Yes, I know I have my iPod nano and it is a wonderful piece of gear. I listen to it in the street, on the train, at the gym and I took it away with me on holiday and sat listening to Mahler on a Greek island – it is here now on my desk tempting me with its possibilities.
At the moment I have been playing R.E.M.s mavellously electric guitar based album Monster which I first got to know sitting on a hotel balcony in Richmond Virginia when it first came out. I was using what seemed to me at the time another wonderful piece of gear, my first and only Sony Discman. Now whenever I hear this album, I am transported to a Virginian high summer and an edgy American city which matches the music quite perfectly.
I am having a party on Friday and, to prove that I am no old fogey as far as music is concerned, I will use my iPod for the party music and I will shuffle my way through my albums hoping that Mahler Three doesn’t emerge unexpectedly.
So it is great downloading songs from the internet, playing them on my iPod and disgarding anything that disappoints. Here I am totally at one with the new age but……..
I have been listening to one of my favourite operas, Verdi’s Don Carlo or Don Carlos depending on which language version I happen to be playing. On my chronological progress through the history of classical music, I have reached 1868 but I have stayed stuck in 1866 as far as this opera is concerned.
I have owned and played the great Carlo Maria Giulini recording (EMI 7243 5 56152 2 0 ) on vinyl and on cd and went straight to it as soon as my strict regime allowed it. It was great to discover that I loved it just as much as I always have even after such a long time away. As the project has now been running for twelve years, I am really missing some of my late Nineteenth Century favourites to say nothing about all that exciting music from the beginning of the Twentieth Century.
Now comes the annoying part.
I had been preparing myself for this moment. Reading Julian Budden’s definitive books on the Verdi operas (The Operas of Verdi by Julian Budden, three volumes Published by Clarendon Paperbacks, Reprinted 2002) and the powerful original play by Schiller (Don Carlos by Friedrich Schiller in a new version by Mike Poulton, Nick Hern Books, 2005) and I had also ordered the cds of Verdi’s excellent original French version of the opera in the recording by Antonio Pappano (EMI 7243 5 67401 2 9 ).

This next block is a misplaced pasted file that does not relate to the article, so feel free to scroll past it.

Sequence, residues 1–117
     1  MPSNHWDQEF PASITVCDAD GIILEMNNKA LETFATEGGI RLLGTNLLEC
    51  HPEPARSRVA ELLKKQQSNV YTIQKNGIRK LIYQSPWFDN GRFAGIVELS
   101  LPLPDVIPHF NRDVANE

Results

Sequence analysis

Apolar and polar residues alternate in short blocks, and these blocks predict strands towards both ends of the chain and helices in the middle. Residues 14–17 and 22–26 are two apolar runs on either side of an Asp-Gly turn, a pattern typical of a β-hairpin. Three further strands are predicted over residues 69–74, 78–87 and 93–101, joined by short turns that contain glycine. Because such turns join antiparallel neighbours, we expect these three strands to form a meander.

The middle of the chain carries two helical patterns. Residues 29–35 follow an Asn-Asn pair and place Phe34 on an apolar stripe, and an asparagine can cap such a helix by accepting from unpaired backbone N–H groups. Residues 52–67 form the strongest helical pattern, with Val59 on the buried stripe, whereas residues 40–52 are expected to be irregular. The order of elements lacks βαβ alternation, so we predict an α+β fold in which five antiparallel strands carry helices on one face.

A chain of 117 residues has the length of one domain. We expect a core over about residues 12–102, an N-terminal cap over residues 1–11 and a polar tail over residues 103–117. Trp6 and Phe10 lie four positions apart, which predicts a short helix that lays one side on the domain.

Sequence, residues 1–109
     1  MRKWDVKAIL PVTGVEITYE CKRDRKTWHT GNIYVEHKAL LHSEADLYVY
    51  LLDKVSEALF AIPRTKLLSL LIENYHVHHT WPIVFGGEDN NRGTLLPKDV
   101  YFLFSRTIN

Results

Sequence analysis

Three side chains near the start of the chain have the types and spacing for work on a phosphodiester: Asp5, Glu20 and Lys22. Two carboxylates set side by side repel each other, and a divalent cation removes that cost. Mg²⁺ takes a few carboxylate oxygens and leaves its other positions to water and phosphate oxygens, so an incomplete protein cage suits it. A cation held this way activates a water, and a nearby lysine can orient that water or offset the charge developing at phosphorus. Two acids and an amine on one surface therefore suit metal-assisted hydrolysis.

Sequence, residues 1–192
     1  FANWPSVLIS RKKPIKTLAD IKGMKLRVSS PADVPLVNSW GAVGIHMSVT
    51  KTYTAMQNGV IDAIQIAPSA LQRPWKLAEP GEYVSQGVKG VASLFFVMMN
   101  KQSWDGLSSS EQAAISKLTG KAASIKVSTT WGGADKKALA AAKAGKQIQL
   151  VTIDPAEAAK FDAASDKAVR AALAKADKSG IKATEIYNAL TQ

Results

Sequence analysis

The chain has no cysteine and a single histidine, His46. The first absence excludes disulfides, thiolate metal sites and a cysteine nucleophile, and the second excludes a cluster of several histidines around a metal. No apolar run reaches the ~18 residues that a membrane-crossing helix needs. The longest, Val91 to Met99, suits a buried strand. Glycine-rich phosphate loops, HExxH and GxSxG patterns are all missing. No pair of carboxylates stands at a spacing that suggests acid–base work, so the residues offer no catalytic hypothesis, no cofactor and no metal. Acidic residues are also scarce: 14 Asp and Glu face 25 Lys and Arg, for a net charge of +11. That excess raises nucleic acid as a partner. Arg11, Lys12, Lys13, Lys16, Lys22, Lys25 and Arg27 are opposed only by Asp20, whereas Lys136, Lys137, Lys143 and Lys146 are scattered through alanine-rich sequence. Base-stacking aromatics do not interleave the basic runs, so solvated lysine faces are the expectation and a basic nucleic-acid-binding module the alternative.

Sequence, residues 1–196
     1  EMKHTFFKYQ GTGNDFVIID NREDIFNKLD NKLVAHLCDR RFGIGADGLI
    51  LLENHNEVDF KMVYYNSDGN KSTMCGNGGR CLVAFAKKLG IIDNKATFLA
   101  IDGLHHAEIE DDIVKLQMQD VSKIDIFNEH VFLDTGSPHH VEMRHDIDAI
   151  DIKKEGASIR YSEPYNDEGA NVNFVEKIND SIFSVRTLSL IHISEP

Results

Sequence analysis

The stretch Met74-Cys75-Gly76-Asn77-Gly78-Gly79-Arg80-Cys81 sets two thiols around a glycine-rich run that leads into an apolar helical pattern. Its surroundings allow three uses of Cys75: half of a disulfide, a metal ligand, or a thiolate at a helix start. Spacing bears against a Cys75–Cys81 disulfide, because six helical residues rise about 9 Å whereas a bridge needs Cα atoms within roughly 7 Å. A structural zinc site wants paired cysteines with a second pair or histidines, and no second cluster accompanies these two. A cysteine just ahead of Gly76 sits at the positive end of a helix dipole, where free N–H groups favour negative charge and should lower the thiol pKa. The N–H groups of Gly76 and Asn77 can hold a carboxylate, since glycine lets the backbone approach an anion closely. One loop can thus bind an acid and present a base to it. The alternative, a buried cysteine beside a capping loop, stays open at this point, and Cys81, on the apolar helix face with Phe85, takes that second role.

Volume Three of the Julian Budden book arrived last week after I had ordered a secondhand copy over the internet. My excitement at the thought of this next installment of Budden’s magisterial account of these great operas was slightly diminished by the discovery that the first seven pages had been ripped out. I kept my patience however, wrote a complaining email and got my money back. Impressed by my own self-control, I looked up those seven pages in the library.
So, as you can see, I was taking this seriously. I have seen several productions of this opera at the Royal Opera House, Covent Garden over the years including, most memorably a classic performance by the sensational Russian bass Boris Christoff as the troubled King Philip the Second with the then vocally flawless Gwyneth Jones as Elizabetta.
I have known it and loved it in its five act Italian version for all of my adult life but I had never got round to listening to it in its original French as Verdi first conceived it for its premiere at the Paris Opera in 1866. In one stroke, this Italian genius wrote the greatest of all French grand operas and I have always wanted to hear it.
So this was the time if there ever was to be a moment in life when I could sit down and study this quite amazing piece with its marriage of politics, religion and passion portrayed by some of Verdi’s most psychologically complex characters.
I had ordered the box set of cds from America and they were sitting in my study awaiting this long expected moment.
That time finally arrived last week, so I sat down with my nicely brassy hi-fi system, pressed the remote button and the music began. For all the joys of my iPod, there is nothing quite like sitting back in a room with a good acoustic listening to epic music on an impressively sonorous sound system – call me old-fashioned if you will.
All was well until the end of the first cd when an ominous click turned into a sound jump and then aural chaos. Thanks American CD company – you sent me a bummer! My first attack of hi-fi rage got worse as I tried all known ways of removing the scratches from the surface of the cd. Each time, there was a moment of hope followed by the same disaster. I left the whole thing and walked away.
I went back the other day, thinking passive thoughts about wanting to hear the rest of the opera and at least the other two cds were probably fine.
So I sat down again, carrying on where I had left off and the room filled with sound.
Then there was a bit less sound and then a few crackles and my amplifier decided to have one of its intermittent faults. Usually the odd kick, shake and a bout of cable fiddling does the trick but not that day. Grand Opera on half cock is just not my thing so the hi-fi rage returned with more vengeance than Verdi’s Grand Inquisitor. Fifteen years of this technician-defying fault finally decided me on ruthless action. I would replace my amplifier and not listen to any music until the system was working again. Well, no music apart form R.E.M on my i-Pod that is.
And here it is, my new piece of equipment, it arrived this morning, bought on-line via E-Bay, my new, well secondhand, Kenwood 3020 Second Edition integrated amplifier. It is sitting in the hall but I am not sure if my hi-fi rage has subsided enough for me to risk opening and installing it. What if it doesn’t work? Could I be sure that I would not act like a pampered, drug-crazed rock star, and throw the whole system out of my window onto the street below?